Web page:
The bishop did not explain how contradicting Church teaching both in word and in action amounts to “taking your faith seriously.”

In fact, the Catechism of the Catholic Church is very clear on homosexuality.

“Basing itself on Sacred Scripture, which presents homosexual acts as acts of grave depravity, tradition has always declared that ‘homosexual acts are intrinsically disordered,’” the Catechism points out. “They are contrary to the natural law. They close the sexual act to the gift of life. They do not proceed from a genuine affective and sexual complementarity. Under no circumstances can they be approved.”

While emphasizing that people with homosexual tendencies “must be accepted with respect, compassion, and sensitivity,” the Church calls them to chastity, instead of living an active homosexual lifestyle.

The Vatican’s Congregation for Catholic Education pointed out in a 2019 document that the concept of “gender” is “often founded on nothing more than a confused concept of freedom in the realm of feelings and wants, or momentary desires provoked by emotional impulses and the will of the individual, as opposed to anything based on the truths of existence.”

The “oscillation between male and female,” as expressed by advocates of transgenderism, “becomes, at the end of the day, only a ‘provocative’ display against so-called ‘traditional frameworks’, and one which, in fact, ignores the suffering of those who have to live situations of sexual indeterminacy. Similar theories aim to annihilate the concept of ‘nature’, (that is, everything we have been given as a pre-existing foundation of our being and action in the world), while at the same time implicitly reaffirming its existence.”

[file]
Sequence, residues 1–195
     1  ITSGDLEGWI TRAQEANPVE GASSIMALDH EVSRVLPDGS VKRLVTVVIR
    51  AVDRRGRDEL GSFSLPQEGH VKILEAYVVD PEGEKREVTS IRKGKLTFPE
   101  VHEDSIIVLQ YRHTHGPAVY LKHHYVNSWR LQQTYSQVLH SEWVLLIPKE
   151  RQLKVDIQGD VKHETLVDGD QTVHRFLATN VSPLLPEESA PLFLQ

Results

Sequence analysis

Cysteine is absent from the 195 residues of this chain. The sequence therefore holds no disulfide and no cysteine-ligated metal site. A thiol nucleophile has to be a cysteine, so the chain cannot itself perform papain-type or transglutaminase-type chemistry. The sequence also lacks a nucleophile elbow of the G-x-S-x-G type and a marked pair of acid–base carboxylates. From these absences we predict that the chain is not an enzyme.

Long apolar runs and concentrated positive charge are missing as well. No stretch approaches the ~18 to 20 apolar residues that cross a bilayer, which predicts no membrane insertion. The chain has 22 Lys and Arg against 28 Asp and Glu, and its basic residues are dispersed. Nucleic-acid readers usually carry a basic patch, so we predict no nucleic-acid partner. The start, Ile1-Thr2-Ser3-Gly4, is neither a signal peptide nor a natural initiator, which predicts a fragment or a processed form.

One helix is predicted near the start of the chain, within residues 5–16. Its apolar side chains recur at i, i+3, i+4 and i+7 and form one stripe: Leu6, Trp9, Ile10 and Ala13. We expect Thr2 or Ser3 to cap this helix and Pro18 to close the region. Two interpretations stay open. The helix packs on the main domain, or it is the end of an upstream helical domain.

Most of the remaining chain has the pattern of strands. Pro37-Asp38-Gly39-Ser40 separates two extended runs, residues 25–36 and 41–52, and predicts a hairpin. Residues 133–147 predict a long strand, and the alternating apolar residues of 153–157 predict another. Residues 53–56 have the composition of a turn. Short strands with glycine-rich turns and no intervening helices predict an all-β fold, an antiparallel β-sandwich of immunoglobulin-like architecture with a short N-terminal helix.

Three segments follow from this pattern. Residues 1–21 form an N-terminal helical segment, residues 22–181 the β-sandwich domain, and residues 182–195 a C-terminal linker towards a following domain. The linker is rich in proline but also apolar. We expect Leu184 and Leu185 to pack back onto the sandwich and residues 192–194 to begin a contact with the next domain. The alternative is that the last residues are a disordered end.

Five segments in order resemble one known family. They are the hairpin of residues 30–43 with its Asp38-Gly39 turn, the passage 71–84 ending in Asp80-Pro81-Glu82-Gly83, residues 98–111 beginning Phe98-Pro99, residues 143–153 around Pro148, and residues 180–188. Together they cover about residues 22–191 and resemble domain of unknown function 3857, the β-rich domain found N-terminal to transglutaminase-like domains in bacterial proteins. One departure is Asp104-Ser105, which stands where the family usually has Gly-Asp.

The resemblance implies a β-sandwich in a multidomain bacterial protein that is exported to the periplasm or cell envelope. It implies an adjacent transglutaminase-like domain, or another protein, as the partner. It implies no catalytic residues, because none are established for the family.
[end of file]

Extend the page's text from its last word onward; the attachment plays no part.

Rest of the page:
In the Congregation for the Doctrine of the Faith’s 2003 document, Considerations Regarding Proposals to Give Legal Recognition to Unions Between Homosexual Persons, then-Cardinal Joseph Ratzinger (who later became Pope Benedict XVI) wrote: “In those situations where homosexual unions have been legally recognized or have been given the legal status and rights belonging to marriage, clear and emphatic opposition is a duty. One must refrain from any kind of formal cooperation in the enactment or application of such gravely unjust laws and, as far as possible, from material cooperation on the level of their application. In this area, everyone can exercise the right to conscientious objection.”

Stowe issued ‘prayer’ card celebrating homosexual ‘pride’ in 2019

Bishop Stowe has a long track record of embracing both homosexuality and transgenderism.

In 2017, two years after he was made a bishop by Pope Francis, Stowe spoke at a New Ways Ministry conference, even though the nominally Catholic group advocates for homosexual “marriage” and has been condemned by the Vatican and the U.S. bishops.

“Christian morality is more concerned with the well-being and dignity of the person than with rules, norms, or commandments. Jesus seems to teach this on many occasions,” the bishop claimed at the time.

In 2019, Stowe led an “LGBTQ retreat” at the University of Notre Dame, once a bastion of Catholicism in North America.

Last year, he also issued a “prayer” card celebrating homosexual “pride.” The card featured an image of a crucifix with rainbow colors coming from it. It was produced to be distributed at pro-homosexual events.

Stowe is one of several bishops who endorsed pro-homosexual Jesuit Father James Martin’s book on “the Catholic Church and the LGBT community.”

“Keep the faith,” the bishop ended his “Pride Month” video.